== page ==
- The Washington Times - Monday, December 20, 2021

The Defense Department on Monday issued long-awaited rules to identify and root out political extremism in the armed forces, specifically zeroing in on social media and giving new guidance to commanders who will be responsible for policing their units.

Acknowledging the need to thread “a very fine needle” with respecting First Amendment rights, senior defense officials said that the new policy — which has been under development for nearly a year — is “group agnostic,” meaning that simple membership in a white supremacist organization or other extremist outfit won’t technically violate military guidelines.

But active participation in such groups isn’t allowed, nor is any attempt to share extremist content online, recruit other potential members, or otherwise promote a hateful, anti-government or discriminatory ideology.



Defense Secretary Lloyd Austin, who launched the counter-extremism push in the weeks immediately after the Jan. 6 Capitol riot, said the new guidelines will strengthen the military.

“The overwhelming majority of the men and women of the Department of Defense serve this country with honor and integrity. They respect the oath they took to support and defend the Constitution of the United States,” he said in a memo to Pentagon leaders Monday. “We believe only a very few violate this oath by participating in extremist activities, but even the actions of a few can have an outsized impact on unit cohesion, morale and readiness — and the physical harm some of these activities can engender can undermine the safety of our people.”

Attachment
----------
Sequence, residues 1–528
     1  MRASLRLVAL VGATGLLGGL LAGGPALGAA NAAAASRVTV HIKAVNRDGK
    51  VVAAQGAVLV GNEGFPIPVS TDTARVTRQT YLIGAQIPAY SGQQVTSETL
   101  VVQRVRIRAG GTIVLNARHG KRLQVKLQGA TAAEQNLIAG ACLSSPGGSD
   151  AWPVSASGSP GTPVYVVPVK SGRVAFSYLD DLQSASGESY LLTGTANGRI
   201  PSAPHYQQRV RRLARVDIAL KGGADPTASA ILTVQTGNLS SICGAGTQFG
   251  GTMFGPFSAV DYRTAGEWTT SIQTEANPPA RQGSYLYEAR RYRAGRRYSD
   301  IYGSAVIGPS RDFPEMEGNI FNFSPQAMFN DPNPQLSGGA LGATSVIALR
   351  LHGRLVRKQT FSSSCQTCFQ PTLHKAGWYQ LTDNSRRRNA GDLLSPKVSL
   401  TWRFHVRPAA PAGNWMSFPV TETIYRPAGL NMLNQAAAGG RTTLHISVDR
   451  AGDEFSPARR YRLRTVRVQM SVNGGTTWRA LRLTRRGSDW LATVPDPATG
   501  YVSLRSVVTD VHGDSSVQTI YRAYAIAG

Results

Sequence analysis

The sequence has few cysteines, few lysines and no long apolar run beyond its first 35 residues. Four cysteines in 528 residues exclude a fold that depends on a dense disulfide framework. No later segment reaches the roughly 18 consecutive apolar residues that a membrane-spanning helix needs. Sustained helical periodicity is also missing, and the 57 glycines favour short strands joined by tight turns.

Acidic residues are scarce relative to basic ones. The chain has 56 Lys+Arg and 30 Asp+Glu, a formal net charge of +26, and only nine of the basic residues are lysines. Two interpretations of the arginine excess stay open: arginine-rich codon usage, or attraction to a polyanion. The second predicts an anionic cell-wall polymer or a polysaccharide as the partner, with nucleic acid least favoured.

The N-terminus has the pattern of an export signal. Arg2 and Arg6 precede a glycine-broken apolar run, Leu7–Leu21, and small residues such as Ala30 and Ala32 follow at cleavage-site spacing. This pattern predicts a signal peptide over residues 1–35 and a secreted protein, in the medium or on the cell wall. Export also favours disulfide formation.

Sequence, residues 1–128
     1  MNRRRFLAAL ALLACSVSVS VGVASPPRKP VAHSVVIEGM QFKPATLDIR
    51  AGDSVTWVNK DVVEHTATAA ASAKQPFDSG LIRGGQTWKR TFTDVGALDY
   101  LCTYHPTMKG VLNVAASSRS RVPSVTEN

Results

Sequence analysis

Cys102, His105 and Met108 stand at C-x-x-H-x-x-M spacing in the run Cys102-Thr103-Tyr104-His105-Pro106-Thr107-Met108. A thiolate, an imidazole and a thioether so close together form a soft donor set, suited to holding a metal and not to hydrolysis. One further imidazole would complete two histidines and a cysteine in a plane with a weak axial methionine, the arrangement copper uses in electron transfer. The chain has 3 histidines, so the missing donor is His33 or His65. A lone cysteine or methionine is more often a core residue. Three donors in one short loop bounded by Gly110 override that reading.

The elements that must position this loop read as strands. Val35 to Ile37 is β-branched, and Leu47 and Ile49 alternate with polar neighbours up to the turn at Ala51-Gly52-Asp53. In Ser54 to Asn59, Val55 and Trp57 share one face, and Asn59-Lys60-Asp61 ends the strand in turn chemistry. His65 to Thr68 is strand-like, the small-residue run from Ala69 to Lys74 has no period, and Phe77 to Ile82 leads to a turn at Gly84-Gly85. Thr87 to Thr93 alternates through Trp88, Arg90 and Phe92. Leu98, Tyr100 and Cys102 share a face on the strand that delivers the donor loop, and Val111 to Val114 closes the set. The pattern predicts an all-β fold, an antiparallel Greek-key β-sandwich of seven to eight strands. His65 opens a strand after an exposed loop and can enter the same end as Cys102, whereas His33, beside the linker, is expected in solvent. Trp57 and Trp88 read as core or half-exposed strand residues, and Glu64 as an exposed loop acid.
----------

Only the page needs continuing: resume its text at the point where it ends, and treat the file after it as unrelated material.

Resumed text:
The new policy is sure to be controversial. Critics have argued that the Pentagon’s anti-extremism push has often appeared overly broad and could be viewed as inadvertently — or perhaps intentionally — targeting conservatives or Christians, for example. Some Republicans on Capitol Hill have argued a “woke” military under President Biden is more interested in policing the opinions of those in the ranks than it is in training soldiers and sailors to fight wars.

The issue attracted more urgency after it was revealed that scores of participants in the Jan. 6 Capitol riot had a military background, including at least one active-duty Marine. The military’s anti-extremism push was one of Mr. Austin’s first initiatives after taking office in February.

The new Pentagon rules do not offer a specific list of extremist organizations. Instead, they identify broad classes of extremist activities and then provide more than a dozen definitions of “active participation” to military commanders.

The commanders then will use those definitions, along with other factors, to determine whether service members in their unit violated the policy and should be subject to discipline.